Investigating the Kármán vortex street using Energy2D

June 30th, 2012 by Charles Xie
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The Kármán vortex street is a repeating pattern of swirling vortices caused by the unsteady separation of flow of a fluid over bluff bodies. It is named after the great scientist Theodore von Kármán who co-founded NASA's JPL. This effect is observable in nature like in a stream, but you need some luck since it requires some picky conditions that are not always there for you.

Now, with our online simulation program Energy2D you can create and investigate the Kármán vortex street in your browser without depending on Mother Nature to give you an opportunity window.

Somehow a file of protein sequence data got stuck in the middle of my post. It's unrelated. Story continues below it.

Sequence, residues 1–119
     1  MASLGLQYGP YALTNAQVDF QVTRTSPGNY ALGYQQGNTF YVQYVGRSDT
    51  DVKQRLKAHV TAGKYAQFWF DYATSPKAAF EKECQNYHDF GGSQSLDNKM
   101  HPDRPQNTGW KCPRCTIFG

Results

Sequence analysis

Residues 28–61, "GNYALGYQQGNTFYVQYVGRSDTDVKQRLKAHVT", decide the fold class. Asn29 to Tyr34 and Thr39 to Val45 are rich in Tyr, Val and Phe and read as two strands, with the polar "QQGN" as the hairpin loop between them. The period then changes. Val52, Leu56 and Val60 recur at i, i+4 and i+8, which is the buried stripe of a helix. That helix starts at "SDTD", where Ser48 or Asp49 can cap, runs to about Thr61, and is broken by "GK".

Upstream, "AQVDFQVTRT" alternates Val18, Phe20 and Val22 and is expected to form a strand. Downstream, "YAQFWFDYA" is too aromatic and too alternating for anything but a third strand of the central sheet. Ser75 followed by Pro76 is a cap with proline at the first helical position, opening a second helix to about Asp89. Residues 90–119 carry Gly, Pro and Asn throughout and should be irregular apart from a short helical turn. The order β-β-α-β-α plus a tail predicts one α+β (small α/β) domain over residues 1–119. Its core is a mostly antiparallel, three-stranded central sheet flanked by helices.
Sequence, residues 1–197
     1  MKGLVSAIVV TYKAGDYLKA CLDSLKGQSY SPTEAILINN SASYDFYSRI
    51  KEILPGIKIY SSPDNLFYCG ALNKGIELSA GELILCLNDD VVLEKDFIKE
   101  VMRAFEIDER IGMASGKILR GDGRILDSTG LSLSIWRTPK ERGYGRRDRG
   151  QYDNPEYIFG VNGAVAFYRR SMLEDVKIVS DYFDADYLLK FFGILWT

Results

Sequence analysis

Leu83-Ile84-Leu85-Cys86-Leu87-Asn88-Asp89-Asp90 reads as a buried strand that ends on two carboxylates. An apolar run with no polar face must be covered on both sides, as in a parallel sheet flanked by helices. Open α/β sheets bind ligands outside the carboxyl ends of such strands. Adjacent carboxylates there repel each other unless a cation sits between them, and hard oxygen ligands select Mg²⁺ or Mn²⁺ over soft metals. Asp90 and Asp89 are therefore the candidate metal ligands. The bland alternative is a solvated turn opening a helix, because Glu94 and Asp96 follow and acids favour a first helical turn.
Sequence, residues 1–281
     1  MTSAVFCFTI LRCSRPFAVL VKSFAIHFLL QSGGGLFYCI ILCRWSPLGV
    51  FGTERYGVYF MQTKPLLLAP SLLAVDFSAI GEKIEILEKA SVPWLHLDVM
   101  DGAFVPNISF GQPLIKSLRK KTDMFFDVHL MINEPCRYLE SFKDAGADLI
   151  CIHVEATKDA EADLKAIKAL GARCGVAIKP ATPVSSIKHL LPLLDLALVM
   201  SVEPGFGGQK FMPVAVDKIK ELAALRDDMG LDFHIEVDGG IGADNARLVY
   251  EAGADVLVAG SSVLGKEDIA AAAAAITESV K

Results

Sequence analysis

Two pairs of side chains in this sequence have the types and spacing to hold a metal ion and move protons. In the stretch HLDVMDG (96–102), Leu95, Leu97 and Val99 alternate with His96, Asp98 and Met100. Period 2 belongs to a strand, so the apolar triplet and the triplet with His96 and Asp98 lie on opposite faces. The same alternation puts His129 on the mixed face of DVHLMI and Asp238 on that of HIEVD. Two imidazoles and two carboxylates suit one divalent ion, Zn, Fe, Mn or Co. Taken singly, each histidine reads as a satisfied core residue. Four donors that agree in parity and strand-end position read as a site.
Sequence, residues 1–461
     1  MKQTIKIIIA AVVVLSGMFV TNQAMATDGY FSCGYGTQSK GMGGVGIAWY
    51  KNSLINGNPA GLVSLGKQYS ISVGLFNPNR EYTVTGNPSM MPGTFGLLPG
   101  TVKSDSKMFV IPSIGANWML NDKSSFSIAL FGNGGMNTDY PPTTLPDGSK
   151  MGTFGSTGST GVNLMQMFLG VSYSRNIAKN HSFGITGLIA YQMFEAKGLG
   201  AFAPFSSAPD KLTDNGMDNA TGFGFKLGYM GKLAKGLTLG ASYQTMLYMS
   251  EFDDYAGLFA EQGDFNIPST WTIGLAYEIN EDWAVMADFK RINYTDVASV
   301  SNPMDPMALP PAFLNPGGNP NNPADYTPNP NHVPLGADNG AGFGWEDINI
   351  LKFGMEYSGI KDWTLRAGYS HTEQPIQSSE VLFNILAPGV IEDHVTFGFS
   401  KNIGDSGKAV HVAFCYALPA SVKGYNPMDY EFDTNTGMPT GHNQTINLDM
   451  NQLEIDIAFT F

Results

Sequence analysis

For example, you can test how big an obstacle should be in order to produce this effect. You will find that an obstacle must be large enough to create a steady vortex street. If the shape of the obstacle is not streamlined, what will you see?

If you stick a thermometer in a thermal vortex street, you should see that the temperature will swing pretty regularly between a high value and a low value (see the image to the right). This means this effect could be used to warm and cool an array of things periodically. Could there be some engineering use of this?

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